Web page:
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I spent nearly four years as a croupier and have seen first-hand the damage that gambling can do. The glitz and glamour of the casino portrayed in the James Bond movies is usually a million miles from the reality of the pit floor.

The most mild-mannered of people can turn into venom spouting demons if their numbers don’t come up on the roulette table. As a croupier I was threatened with a machete by an angry Glaswegian and verbally abused by people from all walks of life including middle-aged women, restaurant owners and taxi drivers. In the instant that their chips disappeared down the chute I was no longer a man just doing my job – I was the devil himself, a cheat (the amount of people that think magnets are involved in some way astounds me) and so many other things that could only be repeated in private to broad-minded adults.

Gambling potentially ruins lives – I witnessed the demise of a successful businessman thanks to the roulette table. On his first visit to the casino he had a lucky run and walked away with £5,000 in winnings after only a couple of hours.

Following his win he started visiting the casino every week and before long he was a daily visitor – first through the door and last to leave. Over the following months he became convinced that he had found a winning system and was determined to break the casino. His obsession became so great that he neglected his business and home life.

By the time that he realised that he had a problem and started attending Gamblers Anonymous, he had lost his business, his home and his family. In a relatively short period of time he had become a shell of a man – in debt and living in a small bedsit.
It wasn’t long before he passed away – he died of a heart attack brought on by stress.

Not exactly the kind of thing that you would associate with the glamorous Casino Royale. No tuxedos or dickie bows here – just ripped jeans and a lonely man.

Increasing problem

With the increase in ways to gamble, the problems portrayed in the story above are no longer confined to the casino or smoke-filled betting office. Online bingo, scratch cards, countless lottery draws and in-play sports gambling are big business with millions of transactions taking place in the comfort of people’s homes. With no need to leave the house, or even own a computer (thanks to betting apps that you can get on your smart phone) gambling has sneaked, almost stealth-like, into the lives of millions of people up and down the country.

A quick chat in the office highlights that, although most people say they play the lottery, they don’t necessarily see it as gambling. Maybe this is part of the problem – it’s become the norm to ‘take a punt’ in the hope that it will lead to a windfall.  Whether it’s because people are desperate for a ‘better’ life or they love the thrill of it all, gambling is definitely a growing business.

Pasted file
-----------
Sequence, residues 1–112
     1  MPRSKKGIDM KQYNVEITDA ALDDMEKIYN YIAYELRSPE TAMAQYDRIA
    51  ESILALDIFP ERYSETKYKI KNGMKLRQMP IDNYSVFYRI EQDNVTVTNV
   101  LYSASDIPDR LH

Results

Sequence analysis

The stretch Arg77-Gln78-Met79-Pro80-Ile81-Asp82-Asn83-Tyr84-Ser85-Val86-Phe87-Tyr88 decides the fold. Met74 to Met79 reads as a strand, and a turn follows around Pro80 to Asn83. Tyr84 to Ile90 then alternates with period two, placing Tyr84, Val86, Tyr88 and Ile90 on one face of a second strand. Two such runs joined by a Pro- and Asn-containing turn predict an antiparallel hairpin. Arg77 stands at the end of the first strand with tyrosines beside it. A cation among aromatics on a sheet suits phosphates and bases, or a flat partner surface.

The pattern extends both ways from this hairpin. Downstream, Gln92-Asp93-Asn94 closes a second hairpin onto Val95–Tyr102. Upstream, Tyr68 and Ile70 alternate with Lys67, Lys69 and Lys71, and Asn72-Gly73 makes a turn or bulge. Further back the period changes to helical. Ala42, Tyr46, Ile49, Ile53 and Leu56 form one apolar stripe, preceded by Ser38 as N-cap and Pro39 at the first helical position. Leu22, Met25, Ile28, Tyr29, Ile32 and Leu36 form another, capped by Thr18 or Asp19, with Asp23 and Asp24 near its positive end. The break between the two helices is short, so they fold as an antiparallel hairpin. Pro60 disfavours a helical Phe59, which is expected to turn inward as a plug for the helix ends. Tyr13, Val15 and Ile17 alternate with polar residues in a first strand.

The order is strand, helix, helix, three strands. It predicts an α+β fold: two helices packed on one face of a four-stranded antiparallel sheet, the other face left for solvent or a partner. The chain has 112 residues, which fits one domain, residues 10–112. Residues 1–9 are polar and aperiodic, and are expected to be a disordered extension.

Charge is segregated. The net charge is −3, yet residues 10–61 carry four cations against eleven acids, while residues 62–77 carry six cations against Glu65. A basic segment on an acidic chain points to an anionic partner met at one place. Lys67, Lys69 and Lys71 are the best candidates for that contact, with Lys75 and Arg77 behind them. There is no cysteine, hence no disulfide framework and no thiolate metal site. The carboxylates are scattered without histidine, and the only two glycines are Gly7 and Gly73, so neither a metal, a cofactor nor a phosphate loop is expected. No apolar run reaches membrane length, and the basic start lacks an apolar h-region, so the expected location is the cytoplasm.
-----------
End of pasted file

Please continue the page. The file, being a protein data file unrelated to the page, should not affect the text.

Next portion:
But as betting company profits grow, reports from the NHS say that there may be as many as 450,000 problem gamblers in Great Britain – including an increase in the number of women gamblers. The thrill of gambling creates a natural high that can become addictive leading many people into a life of debt if it becomes out of control.

Gambling addiction can lead to financial problems, put a strain on relationships and interfere with work – in some cases those living with this problem may even resort to stealing money to gamble or to pay debts.


Myth or fact?

Do you have to gamble every day to be a problem gambler?
Not necessarily – people with a gambling addiction don’t always gamble every day. Gambling is a problem if it causes problems.

If you can afford to gamble is it still a problem?
It’s not all about the money – gambling addiction can lead to relationship breakdowns and social isolation.

Do I have a gambling problem?

Can you walk away once you begin to gamble or do you have to spend every penny in your pocket? Chasing your losses is a sign that you may be having trouble controlling your gambling.

Do you keep your betting habits a secret? Feeling the need to lie or keep secrets about how much you gamble because you think that others might not understand?

Do you have to borrow money to gamble with? One of the biggest signs of an addiction to gambling is if you’re using the bill money or money put aside for your rent or mortgage in an attempt to recoup some of your losses. You may feel that gambling is the only way to get back what you’ve lost but the reality is that this is likely to get you further into trouble.

Are you spending more time on gambling than other areas of your life such as work and relationships?  Is gambling making you unhappy?

If you can identify with any of these statements then you may have a problem with gambling.


You can change

Gambling addiction is sometimes referred to as the ‘hidden illness’ as, unlike alcohol or drug addiction, there are no obvious physical signs but if you feel that you, or someone that you know, has a problem there is help out there.

Organisations such as Gamblers Anonymous and GamCare offer specialist advice and the Samaritans offer confidential emotional support 24 hours a day.

The first step of any recovery is to admit that you have a problem.  It’s not a sign of weakness to ask for help - talk to someone that you trust. It could be a friend, colleague, GP, support worker or other professional– it’s never too late to make changes to the way that you live your life.

Communication specialist - My days are spent telling stories, networking, copywriting, posting on social media and delivering training to colleagues - a bit of everything really! 

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